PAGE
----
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Hot flashes
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Beat the Heat: Hot Flash Relief 

Some women suffer from embarrassing hot flashes that come on faster than a heatwave. They begin inside your body and spread to your face, neck, and chest. They can strike at inopportune times like during a presentation at work or while having a glass of wine on a date. Or maybe you woke up drenched in sweat, interrupted by a hot flash in bed. You may wonder what’s happening. You feel like you’re losing control. The heat is so intense you want to jump in a pool or stand in front of the freezer.  Well, get ready for some hot flash relief.

Why Is This Happening?

Hot flashes can be a symptom of menopause caused by decreased estrogen levels, blocked estrogen receptors, and changes in other hormone levels. There are different schools of thought about what causes hot flashes, including a decrease in estrogen, a decrease in progesterone, or the beginning of menopause.

Hot flashes and a decrease in estrogen

Many doctors believe hot flashes can originate from hormonal changes and how they interact with the body’s thermostat, which is in a woman’s brain. The brain has an intricate way of regulating your body heat. The hypothalamus is the command center, coordinating your autonomic nervous system. It’s like a thermostat, controlling the release of chemicals and hormones related to temperature. When a hot flash comes on, it causes changes in your blood vessels that increase blood flow to your skin pores.  

The process is called a vasomotor spasm. Rush University has found that blood vessels constrict and expand quickly during a hot flash, which leads to flushing and a skin temperature change. Your skin turns red and blotchy, and you feel like you’re in an inferno. Because your brain thinks you’re too hot, that causes a sweating response, increasing your skin temperature five to seven degrees higher. Then, you can get a chilled feeling as a hot flash ends. All of this can make you feel dizzy, weak, and nauseous.

What to Expect

Hot flashes can come on suddenly, frustrating those already dealing with the many changes of aging and menopause or changes after a hysterectomy. Menopause.org says they’re a common symptom of perimenopause and menopause in a woman’s forties and fifties. While most hot flashes are just a nuisance, they can raise your blood pressure and heart rate. Older women are already more vulnerable to osteoporosis, and the Mayo Clinic says there can be some bone loss as a result of hot flashes.

Hot flashes and options for relief

For some women, they can be mild, but for others, they can be intense and frequent. Healthline finds that, on average, hot flashes last four minutes, but they can be longer or shorter, lasting mere seconds. According to the North American Menopause Society, 75% of women will have hot flashes lasting about seven to ten years. A small percentage experience it for ten to fifteen years, and women known as “Super Flashers” can have them for twenty years or more. The Mayo Clinic finds that obesity is associated with a higher frequency of hot flashes.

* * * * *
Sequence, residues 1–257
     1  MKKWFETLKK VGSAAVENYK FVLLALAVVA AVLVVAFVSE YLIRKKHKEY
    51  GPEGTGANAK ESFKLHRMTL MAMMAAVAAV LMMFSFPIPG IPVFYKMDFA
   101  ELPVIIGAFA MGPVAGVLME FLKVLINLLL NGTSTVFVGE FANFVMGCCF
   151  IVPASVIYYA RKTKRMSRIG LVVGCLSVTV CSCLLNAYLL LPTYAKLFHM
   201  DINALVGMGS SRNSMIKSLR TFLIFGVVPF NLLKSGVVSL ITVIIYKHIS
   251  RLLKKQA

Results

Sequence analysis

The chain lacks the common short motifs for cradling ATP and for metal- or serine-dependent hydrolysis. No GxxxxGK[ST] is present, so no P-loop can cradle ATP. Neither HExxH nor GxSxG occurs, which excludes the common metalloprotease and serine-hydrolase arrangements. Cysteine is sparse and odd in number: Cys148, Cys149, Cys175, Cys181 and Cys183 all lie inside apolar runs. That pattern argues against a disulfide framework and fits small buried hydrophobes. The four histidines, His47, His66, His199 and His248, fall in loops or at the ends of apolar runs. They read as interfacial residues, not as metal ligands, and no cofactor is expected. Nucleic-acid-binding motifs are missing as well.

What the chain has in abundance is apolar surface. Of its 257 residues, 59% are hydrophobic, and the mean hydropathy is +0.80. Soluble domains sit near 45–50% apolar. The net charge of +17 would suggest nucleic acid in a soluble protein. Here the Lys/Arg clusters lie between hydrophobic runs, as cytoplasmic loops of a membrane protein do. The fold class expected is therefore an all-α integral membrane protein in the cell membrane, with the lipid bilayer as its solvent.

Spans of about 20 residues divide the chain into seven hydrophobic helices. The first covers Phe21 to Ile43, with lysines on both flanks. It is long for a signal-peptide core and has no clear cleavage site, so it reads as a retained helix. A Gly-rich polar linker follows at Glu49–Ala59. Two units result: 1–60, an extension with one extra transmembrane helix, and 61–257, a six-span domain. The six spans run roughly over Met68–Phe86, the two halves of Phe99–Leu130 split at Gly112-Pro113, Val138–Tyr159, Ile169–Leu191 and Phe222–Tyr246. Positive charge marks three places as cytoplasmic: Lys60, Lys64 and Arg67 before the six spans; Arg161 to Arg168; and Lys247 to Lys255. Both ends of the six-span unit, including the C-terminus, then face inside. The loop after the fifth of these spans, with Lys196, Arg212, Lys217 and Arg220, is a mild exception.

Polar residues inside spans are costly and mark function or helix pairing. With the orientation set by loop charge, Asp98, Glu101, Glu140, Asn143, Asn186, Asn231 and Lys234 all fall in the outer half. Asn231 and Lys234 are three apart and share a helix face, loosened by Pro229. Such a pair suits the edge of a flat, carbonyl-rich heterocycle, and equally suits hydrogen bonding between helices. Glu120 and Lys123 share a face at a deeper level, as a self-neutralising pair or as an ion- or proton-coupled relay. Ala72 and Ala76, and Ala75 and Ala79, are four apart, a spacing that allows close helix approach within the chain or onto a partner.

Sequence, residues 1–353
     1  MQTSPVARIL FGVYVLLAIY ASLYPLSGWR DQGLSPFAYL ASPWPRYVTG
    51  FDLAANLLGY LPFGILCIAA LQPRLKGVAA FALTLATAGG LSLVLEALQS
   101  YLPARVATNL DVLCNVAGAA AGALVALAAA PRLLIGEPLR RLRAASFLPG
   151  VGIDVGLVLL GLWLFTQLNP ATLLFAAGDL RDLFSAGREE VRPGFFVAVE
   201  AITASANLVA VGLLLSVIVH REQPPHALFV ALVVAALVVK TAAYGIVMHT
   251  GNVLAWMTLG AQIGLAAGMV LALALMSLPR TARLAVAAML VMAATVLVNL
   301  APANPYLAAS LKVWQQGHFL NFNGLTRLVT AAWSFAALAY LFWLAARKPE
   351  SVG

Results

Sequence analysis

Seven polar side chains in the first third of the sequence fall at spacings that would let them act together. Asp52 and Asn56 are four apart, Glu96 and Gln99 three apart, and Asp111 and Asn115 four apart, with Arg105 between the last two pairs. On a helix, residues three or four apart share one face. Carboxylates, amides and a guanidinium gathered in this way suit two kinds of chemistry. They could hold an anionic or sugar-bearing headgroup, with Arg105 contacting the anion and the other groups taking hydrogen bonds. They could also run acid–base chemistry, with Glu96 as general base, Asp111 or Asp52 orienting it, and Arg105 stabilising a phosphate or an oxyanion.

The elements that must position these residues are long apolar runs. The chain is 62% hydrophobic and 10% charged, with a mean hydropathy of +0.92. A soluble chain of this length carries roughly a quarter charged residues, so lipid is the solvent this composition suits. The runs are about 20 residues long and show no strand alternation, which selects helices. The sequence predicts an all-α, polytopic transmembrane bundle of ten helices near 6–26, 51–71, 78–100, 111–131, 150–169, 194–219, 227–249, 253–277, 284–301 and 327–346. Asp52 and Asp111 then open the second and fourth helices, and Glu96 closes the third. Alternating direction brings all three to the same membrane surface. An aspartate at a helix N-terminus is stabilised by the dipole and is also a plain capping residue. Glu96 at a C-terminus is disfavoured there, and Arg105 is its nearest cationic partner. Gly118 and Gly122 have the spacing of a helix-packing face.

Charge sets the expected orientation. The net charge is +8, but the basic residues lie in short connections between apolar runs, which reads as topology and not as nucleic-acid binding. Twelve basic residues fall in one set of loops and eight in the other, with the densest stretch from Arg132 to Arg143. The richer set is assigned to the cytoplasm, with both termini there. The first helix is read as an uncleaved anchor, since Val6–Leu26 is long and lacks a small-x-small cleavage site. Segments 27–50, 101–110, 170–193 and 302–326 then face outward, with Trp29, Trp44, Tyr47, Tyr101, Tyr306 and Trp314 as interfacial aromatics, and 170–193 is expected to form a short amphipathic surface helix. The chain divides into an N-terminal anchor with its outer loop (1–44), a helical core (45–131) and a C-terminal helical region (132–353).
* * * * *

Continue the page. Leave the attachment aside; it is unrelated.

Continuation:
Hot flash Relief Tips for an Onset

Being in the summer heat can trigger a hot flash, so make sure to keep hydrated.

  • Drink a glass of cold water as a hot flash comes on
  • Spray lavender oil on your skin to cool down
  • Wear layers so you can shed them as you get hotter and more uncomfortable
  • Keep a mobile fan in your purse 
  • Avoid common triggers like spicy foods, caffeine, alcohol, and avoid smoking.

For Better Sleep

It can be especially jarring when you wake up in the middle of the night drenched in sweat from hot flashes. Excessive sweating depletes your system of fluids and salt. Hot flashes can interrupt your sleep pattern, which can lead to chronic insomnia.

  • According to breastcancer.org, a cool shower before sleeping can help bring hot flash relief.
  • Try lowering the temperature in your bedroom and keeping an ice pack by your bed.
  • Choose a mattress that lets you control the temperature or bedding with Chili Technology.

Avoiding Hot Flashes Medically

Beware: overwhelming hot flashes can lead to depression and anxiety. Some doctors prescribe hormone therapy or FDA-approved antidepressants that are selective serotonin reuptake inhibitors to cope with the condition. If you’re concerned about estrogen drug side effect risks like a heart attack or stroke, consult a doctor.

Consult a doctor if you're worried about the side effects of hot flash medication

Nontraditional Ways to Avoid Hot Flashes

  • Yoga, meditation, and other calming techniques can help because stress can bring hot flashes on.
  • The Mayo Clinic says some women have turned to acupuncture
  • Black Cohosh is being taken with some success, but investigate drug interactions.
  • Increase your soy consumption by eating tofu or edamame. Plant estrogens, found in soy products, may have small estrogen-like influences.

You may need to try different approaches as you age to find some hot flash relief. There is no cure for hot flashes, and they are not all caused by menopause. It could also be hypothyroidism, so it’s important to talk to your doctor.

Read Next:

Why Hot Flashes Vary From Woman To Woman

Menopause Cold Flashes: Why They Happen and What to Do

How Technology is Helping Women During Menopause and Beyond

 

How to prevent hot flashes

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